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This Day in History

01/4/1700 – English pranksters begin popularising the annual tradition of Aprils Fool’s Day by playing practical jokes on each other. Although the day, also called All Fool’s Day, has been celebrated for centuries by different cultures, its exact origins remain a mystery. 

02/4/2005 – Pope John Paul II, history’s most well-travelled Pope, and the first non-Italian to hold the position since the 16th century, dies at his home in the Vatican. Six days later, two million people packed the Vatican City for his funeral, said to be the biggest funeral in history. 

04/4/1960 – Clocking in at three hours and thirty two minutes, the Hollywood Technicolour epic, Ben Hur, set an Oscar record winning 11 of the 12 categories for which it was nominated including Best Picture, Best Director and Best Actor for Charlton Heston. 

06/4/1896 – The first modern Olympic Games are held in Athens, Greece, with athletes from 14 countries participating. 

09/4/2005 – Nearly eight years after the death of Princess Diana, Prince Charles married his long time mistress, Camilla Parker Bowls.
10/4/1970 – Paul McCartney accidentally announces that The Beatles had broken up in an interview discussing his new solo album. 

11/4/1814 - Napoleon Bonapart, Emperor of France and one of the greatest military leaders in history abdicates the throne and under the Treaty of Fontainebleau, is banished to the Mediterranean island of Elea. 

12/4/1061 – Aboard the spacecraft Vostok 1, Soviet Cosmonaut Yuri Alekseyevich Gagarin becomes the first human being to travel in to space. 

15/4/1912 – The RMS Titanic, billed as the unsinkable ship, sinks in the icy waters of the North Atlantic after hitting an iceberg on its maiden voyage, killing 1517 people. 

16/4/1889 – Future Hollywood legend, Charlie Chaplin was born Charles, Spencer, Chaplin in London England.

17/4/1970 – With the world anxiously watching, Apollo 13, a U.S lunar space craft suffered a sever malfunction on its journey to the moon, safely returns to earth. 

18/4/1956 - American actress Grace Kelly marries Prince Rainier of Monaco in a spectacular ceremony.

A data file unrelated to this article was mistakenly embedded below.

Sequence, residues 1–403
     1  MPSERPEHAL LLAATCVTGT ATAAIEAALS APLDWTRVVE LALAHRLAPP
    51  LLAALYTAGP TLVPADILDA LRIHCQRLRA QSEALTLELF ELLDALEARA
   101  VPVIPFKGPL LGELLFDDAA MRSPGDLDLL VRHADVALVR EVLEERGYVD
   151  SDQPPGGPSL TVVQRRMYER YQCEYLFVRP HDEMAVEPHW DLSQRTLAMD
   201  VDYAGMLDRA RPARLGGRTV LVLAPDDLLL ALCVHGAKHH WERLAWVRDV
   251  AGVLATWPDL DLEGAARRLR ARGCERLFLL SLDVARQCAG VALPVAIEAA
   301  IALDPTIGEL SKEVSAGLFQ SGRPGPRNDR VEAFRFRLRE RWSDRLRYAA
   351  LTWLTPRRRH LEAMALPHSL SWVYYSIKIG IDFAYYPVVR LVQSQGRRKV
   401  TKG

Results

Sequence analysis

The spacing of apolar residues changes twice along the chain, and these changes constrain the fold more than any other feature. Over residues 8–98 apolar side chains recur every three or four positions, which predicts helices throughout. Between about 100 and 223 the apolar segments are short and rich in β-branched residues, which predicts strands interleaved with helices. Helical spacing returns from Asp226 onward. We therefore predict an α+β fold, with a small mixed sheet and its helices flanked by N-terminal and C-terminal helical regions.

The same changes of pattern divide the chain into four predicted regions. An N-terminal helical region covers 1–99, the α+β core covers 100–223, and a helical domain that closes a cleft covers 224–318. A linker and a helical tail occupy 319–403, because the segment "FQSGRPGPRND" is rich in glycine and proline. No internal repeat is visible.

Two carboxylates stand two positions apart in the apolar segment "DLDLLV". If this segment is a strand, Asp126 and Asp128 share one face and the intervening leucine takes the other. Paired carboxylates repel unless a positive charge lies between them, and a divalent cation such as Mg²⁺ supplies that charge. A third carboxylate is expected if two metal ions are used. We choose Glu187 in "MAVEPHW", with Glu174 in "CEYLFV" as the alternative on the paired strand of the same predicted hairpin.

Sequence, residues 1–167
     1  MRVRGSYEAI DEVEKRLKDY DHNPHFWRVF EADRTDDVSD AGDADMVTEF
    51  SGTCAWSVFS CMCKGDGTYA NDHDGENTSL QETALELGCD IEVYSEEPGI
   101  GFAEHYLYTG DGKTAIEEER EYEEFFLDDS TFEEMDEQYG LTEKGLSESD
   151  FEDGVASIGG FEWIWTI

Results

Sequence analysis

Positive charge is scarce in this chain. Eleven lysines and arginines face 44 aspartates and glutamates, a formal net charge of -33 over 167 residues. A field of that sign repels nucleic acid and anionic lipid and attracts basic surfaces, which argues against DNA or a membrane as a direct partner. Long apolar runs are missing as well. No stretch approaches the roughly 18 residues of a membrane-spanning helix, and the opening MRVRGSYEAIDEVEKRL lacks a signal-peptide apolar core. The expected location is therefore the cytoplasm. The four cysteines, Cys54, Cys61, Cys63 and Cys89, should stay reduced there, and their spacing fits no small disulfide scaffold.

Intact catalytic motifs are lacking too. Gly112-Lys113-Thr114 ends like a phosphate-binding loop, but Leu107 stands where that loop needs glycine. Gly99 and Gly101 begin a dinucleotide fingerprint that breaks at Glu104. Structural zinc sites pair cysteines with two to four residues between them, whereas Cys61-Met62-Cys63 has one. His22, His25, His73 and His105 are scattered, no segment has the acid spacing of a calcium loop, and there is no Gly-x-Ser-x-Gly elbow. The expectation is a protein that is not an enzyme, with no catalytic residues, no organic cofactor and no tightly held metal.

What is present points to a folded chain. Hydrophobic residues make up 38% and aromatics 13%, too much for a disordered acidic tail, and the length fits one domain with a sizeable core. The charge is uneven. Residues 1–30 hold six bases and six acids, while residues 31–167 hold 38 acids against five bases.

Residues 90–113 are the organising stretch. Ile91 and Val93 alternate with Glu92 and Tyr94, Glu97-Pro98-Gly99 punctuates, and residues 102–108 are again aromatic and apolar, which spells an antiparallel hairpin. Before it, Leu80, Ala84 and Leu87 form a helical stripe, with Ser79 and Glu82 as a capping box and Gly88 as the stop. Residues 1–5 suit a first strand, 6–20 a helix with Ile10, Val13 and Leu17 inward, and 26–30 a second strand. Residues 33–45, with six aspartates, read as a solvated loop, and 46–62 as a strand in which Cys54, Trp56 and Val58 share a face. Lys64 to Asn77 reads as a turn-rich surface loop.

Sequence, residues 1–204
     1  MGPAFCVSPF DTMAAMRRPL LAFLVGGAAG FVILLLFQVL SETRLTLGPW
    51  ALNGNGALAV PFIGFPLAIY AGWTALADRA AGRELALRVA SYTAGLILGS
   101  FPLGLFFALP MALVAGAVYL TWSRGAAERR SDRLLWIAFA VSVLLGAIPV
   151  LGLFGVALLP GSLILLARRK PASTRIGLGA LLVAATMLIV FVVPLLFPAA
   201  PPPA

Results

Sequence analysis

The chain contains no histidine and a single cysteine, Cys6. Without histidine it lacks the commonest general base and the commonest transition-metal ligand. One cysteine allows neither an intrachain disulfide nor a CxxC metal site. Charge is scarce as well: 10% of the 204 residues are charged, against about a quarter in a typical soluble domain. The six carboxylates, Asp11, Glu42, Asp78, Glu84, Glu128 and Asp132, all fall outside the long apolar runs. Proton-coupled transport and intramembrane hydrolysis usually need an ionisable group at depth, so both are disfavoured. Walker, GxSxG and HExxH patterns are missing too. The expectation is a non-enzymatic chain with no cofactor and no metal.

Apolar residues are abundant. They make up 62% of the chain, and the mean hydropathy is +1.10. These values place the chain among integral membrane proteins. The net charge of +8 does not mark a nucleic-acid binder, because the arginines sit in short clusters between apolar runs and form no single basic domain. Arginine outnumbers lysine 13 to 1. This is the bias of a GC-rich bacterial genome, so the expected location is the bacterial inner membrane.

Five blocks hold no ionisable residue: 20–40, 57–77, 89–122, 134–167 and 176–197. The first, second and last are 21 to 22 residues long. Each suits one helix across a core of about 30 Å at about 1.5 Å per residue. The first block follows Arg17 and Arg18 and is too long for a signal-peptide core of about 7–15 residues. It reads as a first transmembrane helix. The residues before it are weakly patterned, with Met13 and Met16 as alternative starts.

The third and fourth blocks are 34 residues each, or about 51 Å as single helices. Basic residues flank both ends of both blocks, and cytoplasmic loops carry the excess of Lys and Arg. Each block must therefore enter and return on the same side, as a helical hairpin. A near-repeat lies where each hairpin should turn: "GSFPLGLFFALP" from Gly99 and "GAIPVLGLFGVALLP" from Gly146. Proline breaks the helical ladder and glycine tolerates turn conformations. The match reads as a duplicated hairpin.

20/4/2010 – An explosion and fore aboard the Deepwater Horizon oil drilling rig in the Gulf of Mexico kills 11 people and triggers the largest off-shore oil spill in American history, (spilling 4.9 million barrels of oil). 

23/4/1564 – Great English dramatist and poet William Shakespeare, famous for works including Hamlet, Othello, Julius Caesar and A Mid-Summer Nights Dream is born in Stratford-upon-Avon. 

24/4/1953 – Winston Leonard Spencer Churchill, the British leader who guided Great Britain and the Allies through the crisis of World War II is knighted by Queen Elizabeth II. 

25/4/1915 – A week after Anglo-French naval attacks on the Dardanelles ended in dismal failure, British, French, Australian and New Zealander troops stormed the Gallipoli Peninsula in an effort to capture Constantinople (now known as Istanbul) an ally of Germany out of the war. The Turkish forces were well prepared for the invasion and the ANZACS were devastated by some of the best-trained Turkish defenders. We now celebrate the spirit of ANZAC, with its qualities of courage, mateship, and sacrifice, continues to have meaning and relevance for our sense of national identity every year in April 25. 

29/4/2011 – Prince William marries his long term girlfriend, Kate Middleton at Westminster Abbey. Some 1900 guests were invited to the wedding, while another 1 million people lined the street and an estimated 2 billion people around the world watched on TV. 

30/4/1945 – Holed up in a bunker under his headquarters in Berlin, Adolf Hitler commits suicide by swallowing a cyanide tablet and shooting himself in the head. Soon after Germany surrendered to the Allied forces.


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